Utterly Star Trek Review

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Star Trek: The Next Generation 2.3 (Elementary, Dear Data)

292px-sherlock_holmesCast:
Biff Manard (Ruffian)
Alan Shearman (Lestrade)
Daniel Davis (Moriarty)
Richard Merson (Pie Man)
Diz White (Prostitute)
Anne Ramsay(Engineer Clancey)

Writer: Brian Alan Lane

What the hell were they thinking when they put this thing together?  It must have gone something like this: Data episode (as he’s so popular): check.  Holodeck episode: check.  Dressing up: check.  Totally unbelievable storyline: check.

Because that is the problem.  Geordi merely asking the computer to create an adversary capable of defeating Data should not have resulted in a being that was able to take over the ship.  Period.  There would be protocols in the system to prevent that from happening.  So the whole concept of the episode is rubbish.

Then there’s the false start where Geordi walks out because he is fed up of Data guessing what was going on with the original case.  Surely he would have raised his concerns of even programmed the holodeck himself – otherwise he must have realised that exactly this would happen.

Then there’s Pulaski still making viewers hate her by being a bitch towards Data.  She must have realised by now that Data is more than the sum of his parts because a) she has worked with him a couple of times now, and b) HE’S THE BLOODY SECOND OFFICER OF THE FLAGSHIP OF THE SODDING FLEET.

And also there’s that ludicrous bit where they take the bit of paper containing the drawing of the Enterprise off the holodeck.  Duh!

In fairness, if the episode had ended with the twist that the bit they thought was real was all part of the program then this might have worked.  But as it was it did not, it was simply very annoying.  Okay, the guy who played Moriarty played him well (so well they do bring him back at a later date) but this episode is really the worst sort of hokum.  Avoid.

Crew Deaths: 0
Total Crea Deaths So Far: 5
Score: 2/10

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September 15, 2008 Posted by | holodeck malfunction, live music, moriarty | | 1 Comment

Star Trek: The Next Generation 1.14 (11001001)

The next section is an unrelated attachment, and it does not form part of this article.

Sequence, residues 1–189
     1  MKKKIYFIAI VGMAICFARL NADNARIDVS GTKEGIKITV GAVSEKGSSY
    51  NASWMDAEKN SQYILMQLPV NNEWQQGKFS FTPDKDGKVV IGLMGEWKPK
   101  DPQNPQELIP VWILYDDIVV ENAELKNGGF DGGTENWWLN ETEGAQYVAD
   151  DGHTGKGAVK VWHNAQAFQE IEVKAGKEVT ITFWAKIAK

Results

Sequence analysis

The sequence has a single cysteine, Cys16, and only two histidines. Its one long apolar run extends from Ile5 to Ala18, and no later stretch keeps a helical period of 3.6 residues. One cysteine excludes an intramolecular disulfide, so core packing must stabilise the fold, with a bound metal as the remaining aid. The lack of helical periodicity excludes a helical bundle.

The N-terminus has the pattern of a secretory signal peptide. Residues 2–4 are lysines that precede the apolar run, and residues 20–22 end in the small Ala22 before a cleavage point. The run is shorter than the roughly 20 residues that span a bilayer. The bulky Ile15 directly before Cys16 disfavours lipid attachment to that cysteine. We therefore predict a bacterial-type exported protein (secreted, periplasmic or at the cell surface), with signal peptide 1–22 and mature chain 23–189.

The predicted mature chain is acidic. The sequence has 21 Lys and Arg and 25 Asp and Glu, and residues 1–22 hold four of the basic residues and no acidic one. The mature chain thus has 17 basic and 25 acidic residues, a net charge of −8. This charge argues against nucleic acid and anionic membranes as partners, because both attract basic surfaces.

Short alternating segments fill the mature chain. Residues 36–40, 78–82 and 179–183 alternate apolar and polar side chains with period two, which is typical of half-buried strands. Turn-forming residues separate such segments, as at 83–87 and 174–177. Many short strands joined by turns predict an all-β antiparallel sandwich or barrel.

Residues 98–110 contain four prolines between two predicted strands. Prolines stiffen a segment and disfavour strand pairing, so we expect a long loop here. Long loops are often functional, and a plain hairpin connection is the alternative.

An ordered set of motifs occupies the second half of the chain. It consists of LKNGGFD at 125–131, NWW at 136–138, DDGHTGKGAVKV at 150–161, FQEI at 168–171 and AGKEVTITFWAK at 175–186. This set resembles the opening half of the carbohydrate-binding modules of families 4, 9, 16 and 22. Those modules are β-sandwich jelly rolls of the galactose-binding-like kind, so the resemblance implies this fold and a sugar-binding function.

Cast:
Katy Boyer (Zero One)
Jack Sheldon (Piano Player)
Gene Dynarski(Cmdr. Quinteros)
Carolyn McCormick (Minuet)
Alexandra Johnson (One Zero)
Iva Lane (Zero Zero)
Kelli Ann McNally (One One)
Ron Brown (Drummer)
Abdul Salaam El Razzac (Bass Player)

Writer: Robert Lewin, Maurice Hurley

This episode is so simple, in fact almost nothing happens in it, yet somehow it is great.  Riker in particular does well out of this episode – there aren’t all that many episodes that give him a lot to do, but this one does.

The premise is simple: the Enterprise is in a starbase having it’s first upgrade, including an upgrade on the holodeck.  Many of the crew leave for some shore leave (as much of the ship has to be shut down to facilitate the upgrades) – for example Worf and Tasha go and play a game called Parisee Squares (a game we hear about a lot but don’t see) and Riker spends the first fifteen minutes getting the brush off from everyone as they all have other things to do, and he is pretty much the only person left on the ship apart from Picard, Wesley and the upgrade team (four Binars).  There is a really nice scene in the upgraded holodeck where Riker creates a fantasy woman in a Jazz bar in the 1950’s, and plays a bit of trombone.  Picard joins him.

Suddenly, the antimatter containment field starts to collapse and so they evacuate the Enterprise.  The sequence where the ship is abandoned and sent out into space so the explosion is away from the starbase is bloody excellent, you get a real sense of how big the crew is.  Riker and Picard are on the holodeck, but nobody can contact them.  As soon as the ship gets away from the starbase the magnetic field repairs itself.  It turns out that the Binars have stolen the Enterprise because something is going to wipe the computer on their planet.  The Binars copy their computer onto the Enterprise computer, and then when it is wiped they restore it using the Enterprise backup.  When asked why they didn’t ask for help, their answer was simple and perfectly logical for a binary race: “you might have said no.”

It’s simple, it’s great.  Minuet (Rikers fantasy woman on the holodeck) is such a complex computer character that Riker kind of falls for her, and is upset when she is wiped from the holodeck memory.  As we get to find out in a few years time, he liked her so much he pretty much thought of her as a real person!

Crew Deaths: 0
Total Crew Deaths So Far: 1
Score: 8/10

July 22, 2008 Posted by | live music, minuet, painting, parisee squares, self destruct, ship/station taken over, stolen ship or shuttlecraft | | 5 Comments